CanadianWolf
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Re: Transfer strategy UNM and NIU

Postby CanadianWolf » Mon Apr 19, 2010 2:22 pm

Your 5 page personal statement for UNM must have been interesting.
Did you apply to any other law schools?
My best suggestion is to attend the Univ. of New Mexico School of Law & experience law school before committing to a major move & significant expenses for an unranked law school.
Last edited by CanadianWolf on Mon Apr 19, 2010 2:27 pm, edited 1 time in total.

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D. H2Oman
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Re: Transfer strategy UNM and NIU

Postby D. H2Oman » Mon Apr 19, 2010 2:24 pm

I predict that this is going to end badly for you.

SummerBrees
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Re: Transfer strategy UNM and NIU

Postby SummerBrees » Mon Apr 19, 2010 2:26 pm

JPU wrote:This seems to be a bad idea all around. If you really want to do this you should find a school that will give you a full-ride for 1L. However, NIU will transfer better in the Chicago area than NM. Based only on anecdotal evidence, it seems like schools typically take (favor) transfers from the same market.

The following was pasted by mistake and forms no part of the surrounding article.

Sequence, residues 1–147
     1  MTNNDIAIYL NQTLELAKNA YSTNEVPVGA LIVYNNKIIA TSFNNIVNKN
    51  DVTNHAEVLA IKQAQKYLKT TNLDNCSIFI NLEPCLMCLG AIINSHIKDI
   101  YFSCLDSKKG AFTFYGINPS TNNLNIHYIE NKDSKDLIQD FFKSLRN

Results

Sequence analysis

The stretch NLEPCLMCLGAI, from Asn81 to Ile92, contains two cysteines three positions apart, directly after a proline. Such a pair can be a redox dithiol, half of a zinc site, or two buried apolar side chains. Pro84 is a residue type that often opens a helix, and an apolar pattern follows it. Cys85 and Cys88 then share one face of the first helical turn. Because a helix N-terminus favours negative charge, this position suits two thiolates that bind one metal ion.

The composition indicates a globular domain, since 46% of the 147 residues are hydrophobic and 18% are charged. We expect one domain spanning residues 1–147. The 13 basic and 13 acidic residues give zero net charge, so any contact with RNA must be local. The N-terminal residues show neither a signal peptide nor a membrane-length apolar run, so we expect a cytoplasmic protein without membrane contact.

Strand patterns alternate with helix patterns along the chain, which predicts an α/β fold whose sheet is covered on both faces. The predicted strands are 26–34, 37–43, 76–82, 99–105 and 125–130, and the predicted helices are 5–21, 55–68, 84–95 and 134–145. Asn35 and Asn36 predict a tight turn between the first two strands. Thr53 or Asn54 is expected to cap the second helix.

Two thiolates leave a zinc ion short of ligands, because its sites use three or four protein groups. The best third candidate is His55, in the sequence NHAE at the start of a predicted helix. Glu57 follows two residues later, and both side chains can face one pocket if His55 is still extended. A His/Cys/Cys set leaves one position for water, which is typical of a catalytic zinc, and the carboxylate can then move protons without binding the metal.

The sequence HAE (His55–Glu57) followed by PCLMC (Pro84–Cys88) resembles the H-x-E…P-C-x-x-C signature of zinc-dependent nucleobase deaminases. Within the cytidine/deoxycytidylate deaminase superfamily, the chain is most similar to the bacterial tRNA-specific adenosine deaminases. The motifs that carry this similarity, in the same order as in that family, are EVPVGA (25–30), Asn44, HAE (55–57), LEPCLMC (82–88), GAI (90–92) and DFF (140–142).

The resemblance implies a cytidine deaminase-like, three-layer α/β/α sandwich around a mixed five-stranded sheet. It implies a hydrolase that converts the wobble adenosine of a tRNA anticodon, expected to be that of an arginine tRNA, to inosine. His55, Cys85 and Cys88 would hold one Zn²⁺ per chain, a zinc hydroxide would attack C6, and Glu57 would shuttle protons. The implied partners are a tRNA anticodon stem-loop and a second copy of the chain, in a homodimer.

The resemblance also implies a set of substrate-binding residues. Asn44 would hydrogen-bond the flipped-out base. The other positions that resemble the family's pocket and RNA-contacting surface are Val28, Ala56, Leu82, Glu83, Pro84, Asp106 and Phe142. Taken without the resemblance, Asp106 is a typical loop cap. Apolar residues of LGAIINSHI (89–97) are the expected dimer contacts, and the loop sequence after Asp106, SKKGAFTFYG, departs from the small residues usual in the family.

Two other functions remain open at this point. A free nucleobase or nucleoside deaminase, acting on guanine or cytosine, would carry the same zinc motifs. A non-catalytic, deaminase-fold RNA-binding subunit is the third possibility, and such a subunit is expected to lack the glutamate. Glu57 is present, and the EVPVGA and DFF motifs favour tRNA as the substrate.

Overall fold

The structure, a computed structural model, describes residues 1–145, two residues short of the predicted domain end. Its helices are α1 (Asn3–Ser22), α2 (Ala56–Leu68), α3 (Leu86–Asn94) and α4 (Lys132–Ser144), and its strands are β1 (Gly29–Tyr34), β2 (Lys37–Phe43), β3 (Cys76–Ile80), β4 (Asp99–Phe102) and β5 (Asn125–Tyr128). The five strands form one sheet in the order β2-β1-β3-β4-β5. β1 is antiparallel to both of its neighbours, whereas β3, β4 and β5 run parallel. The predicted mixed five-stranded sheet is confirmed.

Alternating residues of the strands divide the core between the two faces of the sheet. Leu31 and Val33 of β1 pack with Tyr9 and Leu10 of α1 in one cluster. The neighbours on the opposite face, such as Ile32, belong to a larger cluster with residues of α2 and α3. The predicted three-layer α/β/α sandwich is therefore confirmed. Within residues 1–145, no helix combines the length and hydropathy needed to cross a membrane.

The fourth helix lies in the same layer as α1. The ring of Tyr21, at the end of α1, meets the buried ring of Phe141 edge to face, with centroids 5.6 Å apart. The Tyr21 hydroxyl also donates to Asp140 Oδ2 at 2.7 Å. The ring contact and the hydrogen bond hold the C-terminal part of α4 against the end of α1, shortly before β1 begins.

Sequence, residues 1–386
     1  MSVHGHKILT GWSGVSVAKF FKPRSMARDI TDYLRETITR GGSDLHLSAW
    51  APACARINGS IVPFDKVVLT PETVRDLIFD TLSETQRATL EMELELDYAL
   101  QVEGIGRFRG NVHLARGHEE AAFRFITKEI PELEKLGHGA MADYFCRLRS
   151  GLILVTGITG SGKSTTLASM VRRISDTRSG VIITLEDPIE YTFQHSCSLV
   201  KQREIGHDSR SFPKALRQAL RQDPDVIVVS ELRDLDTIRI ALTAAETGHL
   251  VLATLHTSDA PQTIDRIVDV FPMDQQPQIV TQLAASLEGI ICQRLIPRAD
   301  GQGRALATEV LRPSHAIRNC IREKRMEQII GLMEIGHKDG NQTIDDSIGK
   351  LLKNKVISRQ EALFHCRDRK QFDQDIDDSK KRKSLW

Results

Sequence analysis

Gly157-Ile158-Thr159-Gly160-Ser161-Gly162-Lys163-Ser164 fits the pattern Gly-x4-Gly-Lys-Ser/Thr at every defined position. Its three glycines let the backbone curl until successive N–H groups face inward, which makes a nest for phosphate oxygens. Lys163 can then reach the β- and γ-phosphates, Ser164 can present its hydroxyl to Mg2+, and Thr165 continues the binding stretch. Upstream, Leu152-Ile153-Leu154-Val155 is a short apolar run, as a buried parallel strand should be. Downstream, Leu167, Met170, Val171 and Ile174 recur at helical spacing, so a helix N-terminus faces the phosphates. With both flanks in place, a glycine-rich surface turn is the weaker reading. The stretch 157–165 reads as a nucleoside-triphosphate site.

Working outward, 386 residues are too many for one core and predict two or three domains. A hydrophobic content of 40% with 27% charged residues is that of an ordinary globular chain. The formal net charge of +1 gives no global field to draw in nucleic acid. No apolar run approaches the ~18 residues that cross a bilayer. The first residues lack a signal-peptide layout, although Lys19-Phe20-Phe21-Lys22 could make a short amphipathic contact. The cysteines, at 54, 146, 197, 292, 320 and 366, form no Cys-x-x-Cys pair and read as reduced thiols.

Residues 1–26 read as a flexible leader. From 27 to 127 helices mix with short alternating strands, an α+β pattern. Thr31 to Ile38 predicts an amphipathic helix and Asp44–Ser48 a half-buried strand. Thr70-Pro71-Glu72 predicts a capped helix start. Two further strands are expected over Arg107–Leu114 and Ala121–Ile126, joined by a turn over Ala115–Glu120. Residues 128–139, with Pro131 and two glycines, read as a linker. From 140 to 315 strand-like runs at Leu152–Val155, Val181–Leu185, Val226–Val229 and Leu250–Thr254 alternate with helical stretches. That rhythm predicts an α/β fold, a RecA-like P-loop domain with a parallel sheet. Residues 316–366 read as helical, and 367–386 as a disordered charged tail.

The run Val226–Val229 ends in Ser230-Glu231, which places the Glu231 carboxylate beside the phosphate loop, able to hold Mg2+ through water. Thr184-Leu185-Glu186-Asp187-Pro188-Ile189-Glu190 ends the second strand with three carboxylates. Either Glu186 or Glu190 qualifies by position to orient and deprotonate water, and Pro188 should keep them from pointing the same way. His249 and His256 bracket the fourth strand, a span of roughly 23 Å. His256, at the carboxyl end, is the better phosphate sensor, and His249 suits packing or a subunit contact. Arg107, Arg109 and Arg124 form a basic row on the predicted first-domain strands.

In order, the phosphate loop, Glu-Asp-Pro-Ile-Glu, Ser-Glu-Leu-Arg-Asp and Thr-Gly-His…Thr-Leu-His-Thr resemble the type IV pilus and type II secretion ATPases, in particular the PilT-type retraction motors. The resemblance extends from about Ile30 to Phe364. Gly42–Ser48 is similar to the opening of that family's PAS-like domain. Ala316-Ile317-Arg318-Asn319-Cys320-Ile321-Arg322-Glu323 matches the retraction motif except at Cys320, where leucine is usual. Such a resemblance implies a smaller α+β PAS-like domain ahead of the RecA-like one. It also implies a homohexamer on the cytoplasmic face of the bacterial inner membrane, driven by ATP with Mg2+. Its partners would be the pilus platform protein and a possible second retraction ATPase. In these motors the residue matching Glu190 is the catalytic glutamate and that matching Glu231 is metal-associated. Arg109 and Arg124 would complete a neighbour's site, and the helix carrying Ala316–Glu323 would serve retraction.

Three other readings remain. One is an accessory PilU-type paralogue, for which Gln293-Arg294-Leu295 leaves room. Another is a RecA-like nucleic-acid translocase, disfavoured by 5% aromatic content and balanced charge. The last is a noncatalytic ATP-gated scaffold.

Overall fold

It is what it is. Of course this isn't the ideal way but it is what I have to do. Thanks for the input

SummerBrees
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Re: Transfer strategy UNM and NIU

Postby SummerBrees » Mon Apr 19, 2010 2:28 pm

D. H2Oman wrote:I predict that this is going to end badly for you.


What's with the negativity? If you don't have anything constructive to say then don't respond. Or at the very least explain why you feel it is going to end badly.

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Tall
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Re: Transfer strategy UNM and NIU